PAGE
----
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Tuesday 17 Jan 2017 | 06:22 | SYDNEY
Tuesday 17 Jan 2017 | 06:22 | SYDNEY

Japanese whaling: Sea Shepherd doesn't help



28th February, 2013 11:01

Rear Admiral (ret'd) James Goldrick AO, CSC is a Nonresident Fellow at the Lowy Institute.

I hold no brief for Japan's 'scientific' whaling effort. Apart from the environmental issues, it is an old fashioned rort conducted by vested interests in Japan with no consideration for either the Japanese taxpayer or the real preferences of the Japanese palate. The sooner the activity stops, the better off the average Japanese citizen will be.

The efforts of Sea Shepherd, as evidenced in the latest releases of video from both the environmentalists and the Japanese, are nevertheless counter-productive and potentially disastrous. From a mariner's perspective, I found Bob Brown's remarks about the need to end the environmental damage caused by the Japanese to be curiously ironic. To justify Sea Shepherd's manoeuvres in such a way clearly ignores problems arising from the means employed that are out of all proportion to the desired end. It smacks of fanaticism.

The most obvious danger, and one which was of considerable concern to me as Border Protection Commander when we had to deploy Oceanic Viking to monitor whaling operations in 2008, is that Sea Shepherd's actions will cause injury or loss of life.

A second concern – and the close quarters situation which occurred a few days ago had this potential – is that ships will be badly damaged or even sunk, creating significant environmental hazards, even if no people are hurt. Debris from previous Sea Shepherd efforts is already scattered around the Southern Ocean; fuel spilled from a damaged tanker (and such a vessel was one of the ships involved in the latest encounter) could wreak havoc.

But there is another potential result, which could be significant in relation to Japan's behaviour over other maritime issues, notably the Senkaku/Daioyu Islands confrontation with China. Japanese nationalism is never far below the surface and a siege mentality can quickly be created. There is evidence that this now exists in relation to China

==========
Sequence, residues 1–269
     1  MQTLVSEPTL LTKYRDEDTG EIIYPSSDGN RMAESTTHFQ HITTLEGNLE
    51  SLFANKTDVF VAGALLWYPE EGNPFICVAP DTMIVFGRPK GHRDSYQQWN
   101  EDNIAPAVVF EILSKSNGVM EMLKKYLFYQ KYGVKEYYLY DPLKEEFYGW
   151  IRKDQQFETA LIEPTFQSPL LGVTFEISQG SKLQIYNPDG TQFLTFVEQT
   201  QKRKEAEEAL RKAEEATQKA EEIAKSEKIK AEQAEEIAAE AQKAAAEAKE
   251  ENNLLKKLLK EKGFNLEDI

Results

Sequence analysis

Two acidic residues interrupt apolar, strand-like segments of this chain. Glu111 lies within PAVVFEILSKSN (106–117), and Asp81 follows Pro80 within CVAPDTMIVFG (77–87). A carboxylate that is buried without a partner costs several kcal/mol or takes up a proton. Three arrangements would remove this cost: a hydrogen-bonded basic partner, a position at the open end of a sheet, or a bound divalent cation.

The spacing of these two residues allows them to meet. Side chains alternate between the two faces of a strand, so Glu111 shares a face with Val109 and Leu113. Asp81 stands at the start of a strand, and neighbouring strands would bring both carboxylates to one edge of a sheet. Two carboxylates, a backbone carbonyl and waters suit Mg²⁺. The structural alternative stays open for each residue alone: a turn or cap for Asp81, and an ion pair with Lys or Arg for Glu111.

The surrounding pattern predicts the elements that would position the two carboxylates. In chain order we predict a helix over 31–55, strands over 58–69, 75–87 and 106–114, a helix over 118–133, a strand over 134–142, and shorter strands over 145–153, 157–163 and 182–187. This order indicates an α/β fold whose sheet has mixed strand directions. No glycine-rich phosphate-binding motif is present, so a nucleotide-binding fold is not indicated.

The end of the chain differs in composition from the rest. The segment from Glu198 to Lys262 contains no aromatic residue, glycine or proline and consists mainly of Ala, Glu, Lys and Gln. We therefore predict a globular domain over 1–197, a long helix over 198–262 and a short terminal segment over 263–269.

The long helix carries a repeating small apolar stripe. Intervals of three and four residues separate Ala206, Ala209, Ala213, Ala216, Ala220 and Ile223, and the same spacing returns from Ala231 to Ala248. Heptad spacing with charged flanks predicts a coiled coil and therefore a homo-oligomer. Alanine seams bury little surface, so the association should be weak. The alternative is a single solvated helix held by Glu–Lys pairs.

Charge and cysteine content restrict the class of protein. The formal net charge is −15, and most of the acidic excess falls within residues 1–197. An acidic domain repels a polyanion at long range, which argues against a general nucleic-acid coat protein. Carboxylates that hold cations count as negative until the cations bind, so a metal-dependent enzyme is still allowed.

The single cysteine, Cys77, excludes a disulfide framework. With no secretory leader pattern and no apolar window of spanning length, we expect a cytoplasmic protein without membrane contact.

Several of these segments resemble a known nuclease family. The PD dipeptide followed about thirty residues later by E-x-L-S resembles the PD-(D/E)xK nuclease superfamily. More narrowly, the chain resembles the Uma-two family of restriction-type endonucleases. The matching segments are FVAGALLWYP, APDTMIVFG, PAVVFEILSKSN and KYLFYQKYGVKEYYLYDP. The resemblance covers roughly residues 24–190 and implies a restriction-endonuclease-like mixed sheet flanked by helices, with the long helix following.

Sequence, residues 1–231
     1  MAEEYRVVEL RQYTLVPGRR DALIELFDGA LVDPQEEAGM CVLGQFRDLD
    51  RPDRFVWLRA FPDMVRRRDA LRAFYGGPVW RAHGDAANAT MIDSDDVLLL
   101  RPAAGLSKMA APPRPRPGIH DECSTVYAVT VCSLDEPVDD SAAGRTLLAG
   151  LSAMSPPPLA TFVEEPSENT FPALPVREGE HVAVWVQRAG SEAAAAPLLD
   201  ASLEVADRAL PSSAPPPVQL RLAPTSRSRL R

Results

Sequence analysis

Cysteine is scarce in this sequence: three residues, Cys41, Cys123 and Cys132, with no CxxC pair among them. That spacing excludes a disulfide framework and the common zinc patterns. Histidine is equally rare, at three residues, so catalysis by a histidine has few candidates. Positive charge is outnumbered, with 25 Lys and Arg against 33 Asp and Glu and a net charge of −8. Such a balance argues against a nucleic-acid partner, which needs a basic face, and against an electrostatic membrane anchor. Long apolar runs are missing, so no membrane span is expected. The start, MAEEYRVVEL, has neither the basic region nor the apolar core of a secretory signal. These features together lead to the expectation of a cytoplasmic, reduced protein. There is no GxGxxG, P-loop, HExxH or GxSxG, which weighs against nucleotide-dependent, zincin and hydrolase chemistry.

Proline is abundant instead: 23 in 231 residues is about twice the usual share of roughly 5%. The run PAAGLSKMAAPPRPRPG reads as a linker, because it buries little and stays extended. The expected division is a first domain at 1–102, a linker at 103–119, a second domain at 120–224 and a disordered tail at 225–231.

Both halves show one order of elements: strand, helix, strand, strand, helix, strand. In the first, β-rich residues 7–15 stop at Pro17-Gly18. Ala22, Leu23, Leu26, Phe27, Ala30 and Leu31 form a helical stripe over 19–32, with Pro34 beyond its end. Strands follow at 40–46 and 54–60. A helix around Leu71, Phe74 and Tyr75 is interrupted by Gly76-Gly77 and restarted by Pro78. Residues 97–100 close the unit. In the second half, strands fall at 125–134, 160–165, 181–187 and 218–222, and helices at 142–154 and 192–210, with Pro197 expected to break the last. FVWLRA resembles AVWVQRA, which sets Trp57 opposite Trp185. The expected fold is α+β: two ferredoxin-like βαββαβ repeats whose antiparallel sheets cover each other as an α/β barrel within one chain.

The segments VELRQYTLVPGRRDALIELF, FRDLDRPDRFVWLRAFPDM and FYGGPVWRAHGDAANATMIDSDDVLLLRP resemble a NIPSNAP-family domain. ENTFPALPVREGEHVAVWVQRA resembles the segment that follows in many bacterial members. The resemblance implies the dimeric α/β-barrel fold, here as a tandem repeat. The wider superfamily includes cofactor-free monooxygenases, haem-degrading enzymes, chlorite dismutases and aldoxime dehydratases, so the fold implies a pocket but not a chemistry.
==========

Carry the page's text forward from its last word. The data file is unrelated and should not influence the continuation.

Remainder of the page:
What Sea Shepherd is doing may well contribute to the emotional entrenchment of this outlook as Japan comes to see itself as embattled and alone in the maritime domain. If Japan is seen as being weak with Sea Shepherd, the argument will run, how will China interpret this but as a signal to continue its own hard line approach? The Japanese Prime Minister's personal electoral base is in the same region as the whaling industry and this can only increase the pressure.

Greenpeace had the good sense some years ago to realise that direct action against the Japanese whalers simply strengthened the position of whaling interests by creating sympathy for their 'persecution' by Westerners.

The only way the whaling will stop is by creating a sufficient body of opinion against it within Japan itself. Greenpeace and Japanese activists have set about this task, and their work has borne fruit. The climate of opinion has begun to change, aided considerably by the publicising of the vast amounts of whale meat that go unsold, as well as the light cast on the less than straightforward allocation of Japanese public funds to the industry.

The best way to stop Sea Shepherd is to cut its funding. And the best way for that to happen is for donors and would-be donors to think again before they commit money to the organisation. There are many more constructive and deserving environmental causes which need help and which can achieve more. But, perhaps even more important, the end of Sea Shepherd’s adventures in the Southern Ocean might do something to reduce the potential for conflict in the East China Sea.

Photo by Flickr user Konabish - Greg Bishop.

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